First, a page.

Unfortunately, the advantages of holding stock through thick and thin is not transmitted to the middle class and lower class through education. So you see people toil for years to cobble a five-figure portfolio, invest in certain stocks, and then sell it when a significant paper loss is generated. Then, the stock market recovers, some years later the economy booms, and they start the process all over again. As the famous Dalbar studies noted, Americans only generated 3% annual returns from 1992 through 2012 while the S&P 500 advanced 9% annually. They just cannot help themselves from selling low.

None of this was intuitive to me. I would have thought the ill-advised sellers would be those at the end of their lives who saw a $600,000 portfolio fall in value to $300,000 because the emotionalism of seeing half of one’s net worth disappear overnight would be overwhelming.

But it’s not. It’s the young people, who have decades of labor ahead of them to create surplus investment funds. It makes little sense to me, especially because the study pointed out that most of the lost stock market wealth was in a 401(k), and most 401(k) have some type of company match. If you have $30,000 in a 401(k), and your employer kicked in $5,000 of that amount over the years, it would take a 33% decline in the value of your portfolio for you to even experience a 20% decline as measured against your contributions. You would think that the 401(k) match would act as a shock absorber that would make it easier to weather volatility, but it certainly wasn’t for America’s youngest households during the financial crisis of 2008-2009.

For those who are younger (and any investor, really), the advice should be simple: Do not sell your stocks now. These companies that you are selling today will be around five, ten, fifteen years from now and many of their stock prices will be doubled or even quadrupled the current stock price. As long as you are the owner of those stocks, you get to reap those excessive rewards. If you sell, you are receiving a low amount of money while you are creating a platform for someone else to build wealth. Every prior American generation that has sold low has come to regret it.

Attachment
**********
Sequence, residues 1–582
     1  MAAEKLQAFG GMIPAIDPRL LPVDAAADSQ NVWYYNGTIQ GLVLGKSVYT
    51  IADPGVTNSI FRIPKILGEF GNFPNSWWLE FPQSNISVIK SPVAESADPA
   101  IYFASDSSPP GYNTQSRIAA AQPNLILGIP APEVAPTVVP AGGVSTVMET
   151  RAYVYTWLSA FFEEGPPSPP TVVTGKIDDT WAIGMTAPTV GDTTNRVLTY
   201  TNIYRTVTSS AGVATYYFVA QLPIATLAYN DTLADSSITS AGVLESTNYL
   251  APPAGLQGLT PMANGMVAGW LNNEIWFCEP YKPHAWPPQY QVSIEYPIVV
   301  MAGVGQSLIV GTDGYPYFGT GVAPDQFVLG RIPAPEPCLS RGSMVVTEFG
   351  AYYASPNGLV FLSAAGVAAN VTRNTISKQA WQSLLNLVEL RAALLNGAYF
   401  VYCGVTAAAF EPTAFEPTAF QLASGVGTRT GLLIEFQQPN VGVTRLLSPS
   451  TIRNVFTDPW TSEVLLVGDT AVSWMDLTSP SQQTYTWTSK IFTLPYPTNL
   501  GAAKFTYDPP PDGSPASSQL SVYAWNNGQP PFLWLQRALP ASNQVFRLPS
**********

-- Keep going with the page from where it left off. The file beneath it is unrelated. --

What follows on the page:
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2 thoughts on “Young Investor’s Wealth Destruction During The Financial Crisis

  1. Mike says:

    Interesting finding! Does the change in wealth look at the same absolute demographic in that time period (e.g. 25-34 in 2007, 29-38 in 2011), or just the current 25-34 demographic at the start and end points? I imagine people moving into that demographic during the great recession who had trouble finding jobs may have started at $0 and not contributed anything, dragging down the average.

  2. Three years ago or so I read this book called how to get rich by the deceased Felix Dennis. One of the chapters I remember quite clearly. Basically ownership is everything and he would never give up a single share in any of the companies that he owned. Not to his dying mother. Not to save a relationship with his brother. Not for any reason, do not give up a single share. It has always stuck with me. He may have meant it in terms of raising capital when starting a business, but I’ve always ran with it in terms of my portfolio, including a certain industrial company that is getting hammered…the chapter had such a powerful effect on me.

    Thanks for your good articles during this time of Crisis.